As Tommy Hicks rummaged through the charcoaled burned items in the garage of his home in the Cloverdale subdivision, he didn’t think things could get much worse.
Most of his house had burned when it caught fire the week before, his hand and part of his arm had been burned, he spent a week in the hospital, and his eight-year-old dog, Ruby, died of smoke inhalation from the fire.
But things did get worse. As he started to put up the hose he unsuccessfully tried to use to put out the fire, he noticed the faucet was loose. He tugged on the hose and the faucet came out of the side of the house.
Hicks opened the small door that led to the piping system under his house and noticed someone had cut much of the copper pipes out from his water system.
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“It makes you feel violated or makes you feel pissed off that someone would come around and take advantage of someone’s bad situation,” Hicks said.
The Cloverdale neighborhood in Garner has been a hotbed for copper thefts. Most of the homes are older, which means many of their piping systems are made of copper. And some are left abandoned for long periods of time.
Hicks’ home was built in 1957.
The statistics on copper thefts in Garner are unclear, police say, but they are common.
Garner police Lt. Lorie Smith calls it a “crime of opportunity.”
“It’s a recurring issue,” Smith said.
She said often times, copper thieves steal during the day, looking as if they are maintenance workers working on homes. And the crimes tend to get reported well after they occur.
“A lot of people don’t recognize if they are workers or not supposed to be there,” Smith said. “It’s one of those things that are difficult to identify. Because you don’t know if your neighbor is having some work done to their house.”
“It doesn’t seem as odd as seeing someone under the house at two in the morning.”
Smith said the police encourage people to report any suspicious activity as soon as they see it. It increases the likelihood that someone could be found.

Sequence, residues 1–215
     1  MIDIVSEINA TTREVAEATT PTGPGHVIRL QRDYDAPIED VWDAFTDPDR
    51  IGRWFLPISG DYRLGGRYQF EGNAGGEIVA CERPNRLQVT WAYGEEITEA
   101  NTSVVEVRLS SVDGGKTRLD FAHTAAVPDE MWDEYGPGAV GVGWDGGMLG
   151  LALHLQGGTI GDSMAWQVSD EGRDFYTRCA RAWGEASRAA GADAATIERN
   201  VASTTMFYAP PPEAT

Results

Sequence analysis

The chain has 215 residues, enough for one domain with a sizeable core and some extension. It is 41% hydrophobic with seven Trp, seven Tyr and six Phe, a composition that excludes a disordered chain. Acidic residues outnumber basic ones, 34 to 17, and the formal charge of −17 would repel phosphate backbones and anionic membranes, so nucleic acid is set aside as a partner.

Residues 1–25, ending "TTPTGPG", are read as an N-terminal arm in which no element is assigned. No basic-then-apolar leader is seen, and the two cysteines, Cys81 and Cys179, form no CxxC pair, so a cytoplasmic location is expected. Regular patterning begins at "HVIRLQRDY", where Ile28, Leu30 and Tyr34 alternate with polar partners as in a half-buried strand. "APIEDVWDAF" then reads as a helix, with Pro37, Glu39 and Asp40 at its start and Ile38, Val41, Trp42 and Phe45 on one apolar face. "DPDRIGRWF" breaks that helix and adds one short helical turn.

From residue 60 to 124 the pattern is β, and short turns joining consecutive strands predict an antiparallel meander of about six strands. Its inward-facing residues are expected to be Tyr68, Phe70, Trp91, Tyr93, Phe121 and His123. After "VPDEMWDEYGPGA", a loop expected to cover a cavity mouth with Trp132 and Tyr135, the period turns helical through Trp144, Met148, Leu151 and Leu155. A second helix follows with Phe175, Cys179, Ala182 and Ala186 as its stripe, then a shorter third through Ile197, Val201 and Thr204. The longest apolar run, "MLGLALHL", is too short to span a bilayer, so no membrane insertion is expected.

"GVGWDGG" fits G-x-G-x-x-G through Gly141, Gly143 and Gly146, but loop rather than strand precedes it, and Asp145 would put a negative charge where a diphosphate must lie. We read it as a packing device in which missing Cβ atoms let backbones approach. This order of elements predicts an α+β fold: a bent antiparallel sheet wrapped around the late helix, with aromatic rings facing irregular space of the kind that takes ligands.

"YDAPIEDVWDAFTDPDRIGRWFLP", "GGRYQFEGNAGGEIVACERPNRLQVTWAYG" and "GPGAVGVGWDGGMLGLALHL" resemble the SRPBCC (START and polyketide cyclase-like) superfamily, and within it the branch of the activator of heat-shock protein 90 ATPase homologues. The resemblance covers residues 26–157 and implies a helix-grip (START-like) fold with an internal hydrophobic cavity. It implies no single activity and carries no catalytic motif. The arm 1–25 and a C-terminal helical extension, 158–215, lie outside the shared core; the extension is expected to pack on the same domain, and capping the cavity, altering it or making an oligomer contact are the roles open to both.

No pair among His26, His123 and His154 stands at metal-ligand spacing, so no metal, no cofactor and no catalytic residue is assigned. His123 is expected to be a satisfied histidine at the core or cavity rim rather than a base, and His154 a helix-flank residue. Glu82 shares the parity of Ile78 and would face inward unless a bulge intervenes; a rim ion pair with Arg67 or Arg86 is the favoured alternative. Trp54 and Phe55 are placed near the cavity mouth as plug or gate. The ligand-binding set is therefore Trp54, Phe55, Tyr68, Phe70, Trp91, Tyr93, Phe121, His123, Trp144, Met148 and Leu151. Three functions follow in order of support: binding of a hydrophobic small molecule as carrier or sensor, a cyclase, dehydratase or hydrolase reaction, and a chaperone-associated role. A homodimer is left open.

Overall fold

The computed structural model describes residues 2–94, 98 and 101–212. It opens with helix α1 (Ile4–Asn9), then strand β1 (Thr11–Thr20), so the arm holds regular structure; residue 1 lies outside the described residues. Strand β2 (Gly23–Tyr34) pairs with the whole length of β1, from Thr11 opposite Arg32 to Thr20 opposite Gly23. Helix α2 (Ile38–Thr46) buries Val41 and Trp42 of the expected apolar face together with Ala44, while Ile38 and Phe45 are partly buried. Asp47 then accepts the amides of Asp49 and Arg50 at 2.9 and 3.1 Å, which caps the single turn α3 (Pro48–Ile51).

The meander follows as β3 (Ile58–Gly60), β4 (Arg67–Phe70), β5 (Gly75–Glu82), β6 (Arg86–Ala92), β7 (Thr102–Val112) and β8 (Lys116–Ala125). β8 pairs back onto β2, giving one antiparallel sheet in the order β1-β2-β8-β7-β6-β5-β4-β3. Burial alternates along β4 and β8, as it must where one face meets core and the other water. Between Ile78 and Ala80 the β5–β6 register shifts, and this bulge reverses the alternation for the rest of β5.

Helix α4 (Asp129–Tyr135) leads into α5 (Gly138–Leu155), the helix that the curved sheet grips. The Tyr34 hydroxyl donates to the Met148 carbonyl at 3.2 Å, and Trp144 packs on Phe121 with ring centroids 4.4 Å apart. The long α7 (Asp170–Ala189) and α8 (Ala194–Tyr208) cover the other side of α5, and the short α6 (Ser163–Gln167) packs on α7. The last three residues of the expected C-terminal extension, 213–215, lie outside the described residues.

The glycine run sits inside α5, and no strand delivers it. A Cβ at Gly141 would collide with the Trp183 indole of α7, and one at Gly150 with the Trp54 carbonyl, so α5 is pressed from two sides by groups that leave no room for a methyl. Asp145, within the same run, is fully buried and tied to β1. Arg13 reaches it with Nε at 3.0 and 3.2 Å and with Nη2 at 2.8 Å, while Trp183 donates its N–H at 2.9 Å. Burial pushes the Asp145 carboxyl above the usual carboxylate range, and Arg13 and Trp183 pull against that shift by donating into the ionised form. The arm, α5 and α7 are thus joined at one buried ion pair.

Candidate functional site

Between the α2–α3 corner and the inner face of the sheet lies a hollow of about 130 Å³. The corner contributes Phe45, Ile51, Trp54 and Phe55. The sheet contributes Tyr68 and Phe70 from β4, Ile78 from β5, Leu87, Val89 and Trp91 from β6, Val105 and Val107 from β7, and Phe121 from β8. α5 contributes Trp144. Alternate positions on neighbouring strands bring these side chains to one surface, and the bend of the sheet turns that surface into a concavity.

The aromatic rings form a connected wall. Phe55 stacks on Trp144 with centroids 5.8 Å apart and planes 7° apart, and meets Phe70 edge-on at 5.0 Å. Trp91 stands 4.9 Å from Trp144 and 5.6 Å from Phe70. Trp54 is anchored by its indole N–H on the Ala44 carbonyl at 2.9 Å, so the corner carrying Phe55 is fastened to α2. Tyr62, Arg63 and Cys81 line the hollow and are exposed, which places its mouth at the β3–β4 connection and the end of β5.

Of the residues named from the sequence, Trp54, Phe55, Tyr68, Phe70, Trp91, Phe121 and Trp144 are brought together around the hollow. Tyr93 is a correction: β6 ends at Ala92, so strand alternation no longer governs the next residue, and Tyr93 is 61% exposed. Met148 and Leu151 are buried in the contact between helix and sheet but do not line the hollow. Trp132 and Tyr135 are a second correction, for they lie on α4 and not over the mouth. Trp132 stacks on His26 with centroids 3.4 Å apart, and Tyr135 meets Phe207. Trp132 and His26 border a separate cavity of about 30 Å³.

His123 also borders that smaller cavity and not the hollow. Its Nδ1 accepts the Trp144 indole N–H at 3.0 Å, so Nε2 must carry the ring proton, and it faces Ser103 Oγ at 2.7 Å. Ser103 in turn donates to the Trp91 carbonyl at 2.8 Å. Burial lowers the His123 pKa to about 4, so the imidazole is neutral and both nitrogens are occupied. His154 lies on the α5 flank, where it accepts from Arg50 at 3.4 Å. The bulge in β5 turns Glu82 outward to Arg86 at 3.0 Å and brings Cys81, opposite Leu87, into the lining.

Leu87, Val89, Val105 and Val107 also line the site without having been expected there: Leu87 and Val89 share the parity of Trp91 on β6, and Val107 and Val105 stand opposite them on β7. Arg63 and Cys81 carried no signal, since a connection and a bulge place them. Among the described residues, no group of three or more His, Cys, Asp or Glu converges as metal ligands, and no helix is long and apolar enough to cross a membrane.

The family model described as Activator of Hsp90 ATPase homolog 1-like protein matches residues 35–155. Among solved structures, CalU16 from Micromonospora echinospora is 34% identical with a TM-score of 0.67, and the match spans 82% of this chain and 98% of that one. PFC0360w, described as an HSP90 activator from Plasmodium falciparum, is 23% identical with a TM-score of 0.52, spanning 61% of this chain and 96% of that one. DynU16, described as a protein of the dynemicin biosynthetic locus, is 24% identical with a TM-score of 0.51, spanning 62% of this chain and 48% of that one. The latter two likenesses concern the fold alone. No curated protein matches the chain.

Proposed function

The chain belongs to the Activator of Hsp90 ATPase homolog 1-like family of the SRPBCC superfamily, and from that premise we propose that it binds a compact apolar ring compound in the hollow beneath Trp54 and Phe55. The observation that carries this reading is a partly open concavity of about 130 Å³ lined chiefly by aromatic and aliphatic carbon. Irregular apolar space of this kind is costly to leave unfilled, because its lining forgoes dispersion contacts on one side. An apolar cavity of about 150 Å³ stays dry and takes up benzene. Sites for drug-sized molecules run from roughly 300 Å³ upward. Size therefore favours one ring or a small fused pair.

The copper thieves typically sell the copper to scrap metal facilities. Greg Brown, the owner of Raleigh Metal Recycling, said it can be hard to determine whether the copper is stolen or bought. He said pieces tend to look the same and there are no identifying marks that indicate one is stolen.
In that case, some scrap metal facilities, including his, have tried to implement procedures to help police build their cases as they are searching for someone who stole copper.
“Every person that comes into Raleigh Metal and Recycling, we will not buy from them unless they have valid photo ID, which we scan into our system,” Brown said. “We also take photographs of every person and all their material. It’s very much a crime deterrent.”
Brown said what makes copper valuable is that it is hard to get out of the ground.
But Brown said copper thefts have dropped in recent years because the price for copper has dropped. The price for copper has dropped because the demand has dropped.
He said he’s optimistic copper thefts will continue to decline.
“Copper remains near six plus year lows,” Brown said.
On a recent afternoon, Hicks sat on a bench outside his home, looking out into space, his arm and hand wrapped in a white bandage.
He, his daughter and his two grandchildren have been moved to a hotel room and are looking for temporary housing until the insurance takes care of his home.
Hicks said he misses his dog Ruby.
He wondered why someone would take advantage of someone down on their luck.
“It made me feel a whole lot worse than what I was,” Hicks said, of learning his copper pipes were stolen. “You try to do the best you can, you try to be a good person, a good neighbor around here.”